The university president forces Sheldon to take a vacation, but Sheldon doesn't like the idea of going so long without something academic to do. He decides to go to work in Amy's biology laboratory, but he is unable to deal with the fact that he is a novice in that field, which leads to conflict with his girlfriend. He ultimately does realize that he is in the wrong and apologizes for his behavior ... with some difficulty.
Meanwhile, Bernadette's father is pressing for her to get a prenuptual agreement, since she makes so much more money than Howard. Howard is conflicted over this, but is finally convinced to sign it ... mostly because Penny points out that there's no way he'll ever find anyone else if he lets Bernadette slip through his fingers.
This Episode's Science
Richard Feynman - One of the most popular physicists of the twentieth century, Richard Feynman was one of the key figures in the development of quantum electrodynamics (for which he shared the 1965 Nobel Prize in Physics. His charismatic personality and efforts to popularize science makes him one of the biggest personalities in the modern history of physics. The story related by Sheldon - that Feynman once spent a summer vacation working in a biology lab - is true, as related by Feynman in his autobiography Surely You're Joking, Mr. Feynman?. There are several books by and about Richard Feynman which touch on this and other stories about his colorful life.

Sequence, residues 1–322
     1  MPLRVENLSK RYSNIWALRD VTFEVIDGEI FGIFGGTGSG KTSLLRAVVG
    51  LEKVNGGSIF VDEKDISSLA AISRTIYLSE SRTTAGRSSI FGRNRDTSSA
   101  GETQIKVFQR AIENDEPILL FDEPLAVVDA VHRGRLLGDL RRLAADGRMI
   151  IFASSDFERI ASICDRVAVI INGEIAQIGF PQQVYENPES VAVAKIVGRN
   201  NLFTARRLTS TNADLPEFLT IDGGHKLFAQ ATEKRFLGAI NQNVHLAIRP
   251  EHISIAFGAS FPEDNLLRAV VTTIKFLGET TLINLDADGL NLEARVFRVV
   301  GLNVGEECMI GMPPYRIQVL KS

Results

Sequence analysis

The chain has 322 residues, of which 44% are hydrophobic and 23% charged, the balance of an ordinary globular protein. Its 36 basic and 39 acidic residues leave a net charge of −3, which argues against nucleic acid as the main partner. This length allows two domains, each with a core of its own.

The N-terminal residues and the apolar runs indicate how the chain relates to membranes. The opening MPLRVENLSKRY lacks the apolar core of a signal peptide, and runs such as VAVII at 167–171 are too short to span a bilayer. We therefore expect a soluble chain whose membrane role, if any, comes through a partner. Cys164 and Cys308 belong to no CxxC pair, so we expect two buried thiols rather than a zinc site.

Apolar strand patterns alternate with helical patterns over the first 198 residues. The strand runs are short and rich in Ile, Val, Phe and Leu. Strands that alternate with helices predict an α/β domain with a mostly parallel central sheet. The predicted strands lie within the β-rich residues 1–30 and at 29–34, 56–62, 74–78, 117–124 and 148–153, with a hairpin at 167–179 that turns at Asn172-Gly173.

Marie Curie - Marie Curie was a groundbreaking researcher in the field of radiation and earned two Nobel Prizes: the 1903 Nobel Prize in Physics and the 1911 Nobel Prize in Chemistry. She died in 1934 from a lifetime of radiation exposure.
Carl Sagan - Carl Sagan was an American astronomer and science popularizer. He's best known for his work on the PBS science series Cosmos and for developing the Search for Extra-Terrestrial Intelligence (SETI) program.
Leonard: Sheldon, everybody takes vacations.
Sheldon: One time, they tried to make Richard Feynman take a vacation, but he chose instead to expand his mind and learn something new. He went to work in his friend's biology lab. [to Howard] Richard Feynman was a famous American physicist. Part of the Manhattan Project.
Howard: Everyone in the world of science knows who Richard Feynman was.
Sheldon: Now you do too. [pause] Oh, I have a brilliant idea. Amy's a biologist. I'll go work in her lab.
Howard: Isn't that just Feynman's idea?
Sheldon: Ten seconds ago you'd never heard of him, now you're an expert.
Amy: We can be like Marie Curie and her husband Pierre, who spent days working side by side in the glow of their love and the radium that ultimately killed her. Screw Beauty and the Beast, that's the love story Disney should tell.
Sheldon: Here you go. This is now the only lab with glassware washed by a man with two doctorates and a restraining order signed by Carl Sagan.
Amy: Soap spots. Wash 'em again.
Sheldon: You're being ridiculous. Those are perfectly clean.
Amy: Sheldon, this beaker used to contain cerebral spinal fluid from an elephant that died of syphilis. If it is in fact perfectly clean, drink from it.
Sheldon: Biologists are mean.